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What about my complaint?

4 June 2020

Some time ago, I laid a complaint with CAA regarding an incident in which a drone was knocked out of the sky by a group of trampers throwing stones.

This incident was well documented in the media at the time and the evidence was seemingly very clear and irrefutable that the trampers had broken the law. It is illegal (under the Civil Aviation Act itself) to "endanger an aircraft or any person in an aircraft".

Indeed, CAA themselves have acknowledged that such an act is illegal to down a drone, even if it is flying over your own property.

Likewise, when a drone was shot down in Nelson last year, it was police who bought charges, not CAA (as I understand it). Those charges were thrown out, perhaps because it was not CAA who prosecuted the violation.

There was also another incident in Nelson in 2015 when a drone was shot at during a speedway event. To the best of my knowledge, no charges were laid in this instance.

So it seems that CAA is being rather "selective" in enforcing its regulations and the diktats of the Civil Aviation Act. Apparently it's not that big a deal to shoot at or shoot down a drone.

However, there *are* things involving drones that do merit investigation and possible action by CAA.

Yes, we're talking about *MY* flying activities.

A couple of days ago I received an email from a CAA investigator. That email asked me all sorts of questions about three flights that appeared on one of my YouTube channels.

It seems *I* am being investigated!

That's right, allegations that an old man flew some toy-grade quadcopters over grassy fields and a lake merit far more of CAA's valuable investigative resources than cases where people have actually brought down unmanned aircraft using guns or other projectiles.

WTF?

The nature of the questions being asked is very telling and speaks to a "fishing" exercise, designed to have the respondant incriminate themselves by confessing to alleged infringements for which there is actually insufficient evidence to mount a case.

Take a moment to watch this video, in which I go through the email sent to me and the response I have come up with to the questions being asked.

Now, as CAA have put it to me in their email, they "are obliged to investigate any complaints to establish if any rules have been breached".

Fair enough... but why has there seemingly been zero action taken in respect to the complaint I laid back in February regarding the National Park incident, but they are now investigating me?

How can it be that allegations that an old man flew some toy drones over a lake or a grassy field seem to have been given a higher priority over a very clearly evidenced (by the media and the report of a government agency (DOC)) infringement not only of CAA's own regulations but of the very Civil Aviation Act itself?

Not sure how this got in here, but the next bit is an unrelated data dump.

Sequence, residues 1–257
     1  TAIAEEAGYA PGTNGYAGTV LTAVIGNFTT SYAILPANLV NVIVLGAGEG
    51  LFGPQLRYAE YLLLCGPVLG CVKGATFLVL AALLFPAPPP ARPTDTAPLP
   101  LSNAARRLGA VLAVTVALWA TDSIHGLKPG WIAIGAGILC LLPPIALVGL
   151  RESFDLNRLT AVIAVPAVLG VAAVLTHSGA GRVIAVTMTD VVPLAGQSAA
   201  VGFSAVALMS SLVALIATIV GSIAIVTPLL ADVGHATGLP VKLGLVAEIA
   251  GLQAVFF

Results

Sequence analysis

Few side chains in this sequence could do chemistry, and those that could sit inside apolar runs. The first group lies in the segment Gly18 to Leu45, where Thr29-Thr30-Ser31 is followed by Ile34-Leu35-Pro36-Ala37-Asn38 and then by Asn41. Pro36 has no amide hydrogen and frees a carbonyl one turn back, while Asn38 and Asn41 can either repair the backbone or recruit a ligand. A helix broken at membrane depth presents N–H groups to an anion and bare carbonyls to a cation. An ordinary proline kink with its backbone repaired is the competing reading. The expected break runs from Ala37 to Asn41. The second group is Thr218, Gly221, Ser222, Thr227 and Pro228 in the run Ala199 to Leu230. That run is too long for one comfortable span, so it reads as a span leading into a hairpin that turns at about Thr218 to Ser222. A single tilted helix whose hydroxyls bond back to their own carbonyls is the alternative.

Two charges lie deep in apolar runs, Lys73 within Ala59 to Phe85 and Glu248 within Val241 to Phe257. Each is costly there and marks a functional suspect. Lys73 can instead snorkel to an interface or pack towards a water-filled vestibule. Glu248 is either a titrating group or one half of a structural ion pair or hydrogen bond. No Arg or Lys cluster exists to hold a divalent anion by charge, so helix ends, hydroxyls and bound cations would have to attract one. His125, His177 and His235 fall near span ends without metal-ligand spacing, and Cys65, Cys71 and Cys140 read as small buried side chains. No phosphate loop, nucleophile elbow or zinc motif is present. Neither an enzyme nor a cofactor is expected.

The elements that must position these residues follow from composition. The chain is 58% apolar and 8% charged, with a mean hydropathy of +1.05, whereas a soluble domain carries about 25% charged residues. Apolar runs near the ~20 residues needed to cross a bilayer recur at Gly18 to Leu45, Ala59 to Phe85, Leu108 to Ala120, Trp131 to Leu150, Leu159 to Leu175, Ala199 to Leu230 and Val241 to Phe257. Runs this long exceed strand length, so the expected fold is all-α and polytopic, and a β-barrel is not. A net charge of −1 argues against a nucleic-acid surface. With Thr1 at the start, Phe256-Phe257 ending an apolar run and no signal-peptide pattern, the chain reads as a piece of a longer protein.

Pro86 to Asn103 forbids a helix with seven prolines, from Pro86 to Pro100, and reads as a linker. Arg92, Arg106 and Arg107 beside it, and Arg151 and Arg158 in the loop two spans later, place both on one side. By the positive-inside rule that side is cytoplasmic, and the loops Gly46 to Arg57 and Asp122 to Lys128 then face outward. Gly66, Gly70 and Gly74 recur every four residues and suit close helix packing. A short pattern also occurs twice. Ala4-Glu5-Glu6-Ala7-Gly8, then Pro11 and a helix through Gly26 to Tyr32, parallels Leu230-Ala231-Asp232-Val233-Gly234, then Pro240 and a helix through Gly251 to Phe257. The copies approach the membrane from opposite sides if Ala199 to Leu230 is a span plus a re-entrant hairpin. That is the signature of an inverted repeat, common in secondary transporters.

Why is it that CAA can't even be bothered laying charges against those who actually boast about shooting or knocking aircraft from the sky -- yet they dedicate so much time chasing someone who is perhaps one of the biggest proponents of informed and safe drone flying in the world?

CAA can't have it both ways I'm afraid. If they *are* obliged to investigate every complaint then why has my complaint seemingly been ignored? If they're not obliged to investigate every complaint then why are they chasing me for (as you can see from my video) doing absolutely *nothing* in breach of the regulations?

Now it may just be utter coincidence, but I notice that these complaints and subsiquent CAA investigations have only come since I started advocating for regulatory reform and advising people around the world that they need to push back against regulatory over-reach in the area of drone and model flying. Perhaps I've upset someone? Perhaps I'm seen as a threat to the hitherto unfettered ability for regulators to simply make rules without effective consultation and without justifying those rules by way of a risk analysis.

Or is it the huge multi-national corporations that are rather blatantly seeking control and dominance of the 0-400ft chunk of airspace used by models/drones which was previously worthless but now represents an asset of immense value? Are regulators boughing to pressure from some very large wallets and influential lobbyists? Might they believe that an effective strategy to mitigate my actions could be to try and find me guilty of some kind of rule-infringement in the hope it damages my credibility with the community I rally for?

And here's the really concerning thing...

Note that CAA has not once mentioned the S word: SAFETY.

Their investigation is clearly unconcerned with safety, only compliance with regulations that are woefully outdated and not fit for purpose. Any organisation or person who believes that regulations alone are the solution to ensuring safety is, themselves, unfit for purpose.

Stay tuned, I will be keeping everyone informed with the progress of this investigation and I fully expect I'll get a polite response back saying that CAA is happy with my level of compliance and the case(s) are closed.

If not... well we'll let the courts decide if CAA is doing their job properly.

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